War-free for two centuries, Swiss still vote to keep big army

Rival campaign posters stand side by side ahead of Switzerland's vote Sunday that defeated a pacifist group's referendum proposing to end Swiss Army conscription.
Rival campaign posters stand side by side ahead of Switzerland’s vote Sunday that defeated a pacifist group’s referendum proposing to end Swiss Army conscription.
(Fabrice Coffrini / AFP/Getty Images)

Better known for its handy pocketknives and Vatican guards than for fighting wars, the Swiss Army of conscripts is still necessary to protect the Alpine federation and its nearly 200-year-old policy of neutrality, voters have decided.

In the third referendum on conscription in 25 years, Swiss voters defeated a pacifist group’s proposal to abolish the draft with a resounding 73% no vote on Sunday.

The abolitionists from the Switzerland Without an Army group had argued that the 4.7 billion Swiss francs ($5.1 billion) spent to keep 155,000 troops at the ready was a waste of taxpayer funds in a country that was last involved in war more than two centuries ago following the French invasion under Napoleon Bonaparte.


But the Swiss government had urged voters to retain conscription, pointing out that other Western European countries that have renounced the draft in recent years are experiencing difficulty recruiting enough volunteers.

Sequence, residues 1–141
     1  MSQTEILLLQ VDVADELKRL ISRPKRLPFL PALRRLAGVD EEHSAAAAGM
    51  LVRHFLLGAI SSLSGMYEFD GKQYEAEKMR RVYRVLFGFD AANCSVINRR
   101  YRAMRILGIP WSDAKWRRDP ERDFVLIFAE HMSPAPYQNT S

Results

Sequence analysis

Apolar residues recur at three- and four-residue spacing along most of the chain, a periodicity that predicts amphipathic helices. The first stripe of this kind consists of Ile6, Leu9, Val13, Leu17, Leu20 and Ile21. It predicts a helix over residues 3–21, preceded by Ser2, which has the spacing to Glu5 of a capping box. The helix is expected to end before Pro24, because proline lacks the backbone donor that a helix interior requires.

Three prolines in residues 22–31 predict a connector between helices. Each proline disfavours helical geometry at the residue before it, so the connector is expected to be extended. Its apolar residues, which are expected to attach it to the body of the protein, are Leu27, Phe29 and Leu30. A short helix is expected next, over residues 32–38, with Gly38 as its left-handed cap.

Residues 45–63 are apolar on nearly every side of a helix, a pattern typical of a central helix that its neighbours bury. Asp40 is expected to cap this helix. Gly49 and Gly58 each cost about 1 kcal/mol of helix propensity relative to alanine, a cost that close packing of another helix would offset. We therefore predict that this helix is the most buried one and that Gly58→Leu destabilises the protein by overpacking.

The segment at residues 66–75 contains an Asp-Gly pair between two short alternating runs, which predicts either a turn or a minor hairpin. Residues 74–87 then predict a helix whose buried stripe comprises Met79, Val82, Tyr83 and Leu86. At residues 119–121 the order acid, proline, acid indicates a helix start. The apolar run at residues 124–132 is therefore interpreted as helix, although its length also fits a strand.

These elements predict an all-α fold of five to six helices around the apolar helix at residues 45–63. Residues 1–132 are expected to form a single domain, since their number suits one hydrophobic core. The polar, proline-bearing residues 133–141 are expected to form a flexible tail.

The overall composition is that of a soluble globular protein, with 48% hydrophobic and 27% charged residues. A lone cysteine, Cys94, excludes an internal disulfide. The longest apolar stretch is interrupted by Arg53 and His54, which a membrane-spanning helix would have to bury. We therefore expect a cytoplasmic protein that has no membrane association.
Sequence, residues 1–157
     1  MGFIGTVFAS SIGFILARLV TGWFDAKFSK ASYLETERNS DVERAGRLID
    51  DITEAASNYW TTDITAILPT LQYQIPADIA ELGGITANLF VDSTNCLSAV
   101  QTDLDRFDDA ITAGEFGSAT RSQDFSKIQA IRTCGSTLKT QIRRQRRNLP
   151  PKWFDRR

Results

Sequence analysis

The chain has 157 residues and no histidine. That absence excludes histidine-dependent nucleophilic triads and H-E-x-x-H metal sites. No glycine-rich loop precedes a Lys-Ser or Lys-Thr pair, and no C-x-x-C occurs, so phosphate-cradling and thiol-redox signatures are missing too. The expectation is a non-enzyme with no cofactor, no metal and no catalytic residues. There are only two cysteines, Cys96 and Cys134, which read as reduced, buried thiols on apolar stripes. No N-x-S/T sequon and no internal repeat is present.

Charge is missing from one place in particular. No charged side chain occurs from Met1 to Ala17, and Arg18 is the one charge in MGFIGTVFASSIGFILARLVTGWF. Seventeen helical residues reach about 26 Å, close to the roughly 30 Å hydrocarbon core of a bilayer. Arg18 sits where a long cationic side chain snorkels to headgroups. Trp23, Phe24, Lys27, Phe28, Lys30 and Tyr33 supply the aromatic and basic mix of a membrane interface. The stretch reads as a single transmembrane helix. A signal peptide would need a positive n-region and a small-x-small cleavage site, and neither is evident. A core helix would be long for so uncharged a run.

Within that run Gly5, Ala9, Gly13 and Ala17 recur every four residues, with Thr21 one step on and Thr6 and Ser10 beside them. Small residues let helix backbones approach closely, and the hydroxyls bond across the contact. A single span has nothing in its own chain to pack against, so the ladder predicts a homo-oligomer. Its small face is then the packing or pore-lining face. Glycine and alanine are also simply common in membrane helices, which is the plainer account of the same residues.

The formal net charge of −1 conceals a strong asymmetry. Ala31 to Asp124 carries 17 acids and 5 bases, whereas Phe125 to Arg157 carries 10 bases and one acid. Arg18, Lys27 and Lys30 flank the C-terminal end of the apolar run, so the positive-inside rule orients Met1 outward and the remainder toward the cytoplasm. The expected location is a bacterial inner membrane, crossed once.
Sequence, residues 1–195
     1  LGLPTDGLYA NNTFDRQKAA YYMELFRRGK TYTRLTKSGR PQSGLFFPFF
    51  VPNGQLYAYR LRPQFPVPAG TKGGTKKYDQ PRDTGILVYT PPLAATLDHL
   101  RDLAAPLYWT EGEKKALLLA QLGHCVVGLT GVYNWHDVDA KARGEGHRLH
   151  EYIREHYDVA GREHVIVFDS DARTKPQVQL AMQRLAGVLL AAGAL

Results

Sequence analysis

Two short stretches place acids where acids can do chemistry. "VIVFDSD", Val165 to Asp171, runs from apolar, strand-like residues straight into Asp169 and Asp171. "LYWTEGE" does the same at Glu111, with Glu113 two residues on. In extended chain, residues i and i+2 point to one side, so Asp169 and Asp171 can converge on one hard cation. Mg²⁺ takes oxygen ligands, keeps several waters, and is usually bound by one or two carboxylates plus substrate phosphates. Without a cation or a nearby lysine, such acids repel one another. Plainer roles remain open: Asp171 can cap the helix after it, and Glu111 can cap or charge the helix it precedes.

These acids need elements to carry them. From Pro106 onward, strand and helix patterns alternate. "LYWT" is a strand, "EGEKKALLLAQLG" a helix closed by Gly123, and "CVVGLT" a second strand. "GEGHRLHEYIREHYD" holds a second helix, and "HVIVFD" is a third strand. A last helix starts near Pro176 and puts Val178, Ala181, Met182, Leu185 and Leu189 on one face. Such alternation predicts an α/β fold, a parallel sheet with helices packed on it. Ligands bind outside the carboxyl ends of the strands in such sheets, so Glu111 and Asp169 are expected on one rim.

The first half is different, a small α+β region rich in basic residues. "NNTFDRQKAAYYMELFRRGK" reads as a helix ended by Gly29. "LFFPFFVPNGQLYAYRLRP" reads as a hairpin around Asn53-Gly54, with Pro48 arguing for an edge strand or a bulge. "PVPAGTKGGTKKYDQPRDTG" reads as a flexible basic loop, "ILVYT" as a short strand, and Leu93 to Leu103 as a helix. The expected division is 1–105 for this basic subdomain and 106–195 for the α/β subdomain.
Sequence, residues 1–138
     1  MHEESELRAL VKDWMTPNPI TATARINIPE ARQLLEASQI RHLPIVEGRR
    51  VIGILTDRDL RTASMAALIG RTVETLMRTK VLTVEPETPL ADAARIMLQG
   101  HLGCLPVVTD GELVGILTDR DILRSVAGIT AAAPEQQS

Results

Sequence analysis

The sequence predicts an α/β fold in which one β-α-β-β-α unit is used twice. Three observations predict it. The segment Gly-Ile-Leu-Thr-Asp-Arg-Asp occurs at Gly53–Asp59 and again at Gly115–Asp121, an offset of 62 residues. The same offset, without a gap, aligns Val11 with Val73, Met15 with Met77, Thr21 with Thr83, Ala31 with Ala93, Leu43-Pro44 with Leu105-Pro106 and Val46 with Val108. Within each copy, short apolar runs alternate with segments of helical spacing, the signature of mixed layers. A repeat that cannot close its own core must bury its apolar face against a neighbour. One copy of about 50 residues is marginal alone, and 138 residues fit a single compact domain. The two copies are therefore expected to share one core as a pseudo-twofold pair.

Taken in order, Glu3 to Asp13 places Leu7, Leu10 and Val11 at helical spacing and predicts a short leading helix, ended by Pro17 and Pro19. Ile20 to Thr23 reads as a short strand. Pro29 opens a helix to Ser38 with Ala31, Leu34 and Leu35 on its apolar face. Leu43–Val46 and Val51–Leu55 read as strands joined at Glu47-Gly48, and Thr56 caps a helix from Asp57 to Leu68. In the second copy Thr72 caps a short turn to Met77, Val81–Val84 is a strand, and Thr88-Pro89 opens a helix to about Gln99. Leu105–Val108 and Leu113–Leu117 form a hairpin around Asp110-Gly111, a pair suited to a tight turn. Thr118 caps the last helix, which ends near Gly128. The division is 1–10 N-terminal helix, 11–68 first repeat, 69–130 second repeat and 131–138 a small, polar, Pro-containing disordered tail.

“Abolishing military service would break the genuine link uniting the people and the army,” Defense Minister Ueli Maurer warned ahead of the vote, referring to the unifying force of compulsory military service in a country divided by language and widely varying incomes.

Maurer praised the voters’ decision at a news conference late Sunday, calling it “a yes to the army and to more security,” the news site reported.

The Swiss vote bucks a trend in post-Cold War Europe, where major Western countries, including France, Germany and Italy, have moved to an all-volunteer force. Only neighboring Austria still has a draft, following a similar unsuccessful referendum in January.

Though Swiss voters have consistently expressed strong backing for an armed citizen militia that is among the largest per capita in Europe, the size of the army has been drawn down significantly in the last 20 years. The federation of 8 million people that works in four official languages -- French, German, Italian and Romansch -- had 800,000 troops when the Cold War ended two decades ago.

But even its considerably reduced size, from 10% of the population to about 2%, remains huge by regional standards. Germany, with 10 times Switzerland’s population, maintains an army of 183,000, or about 0.2% of its citizens.

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Twitter: @cjwilliamslat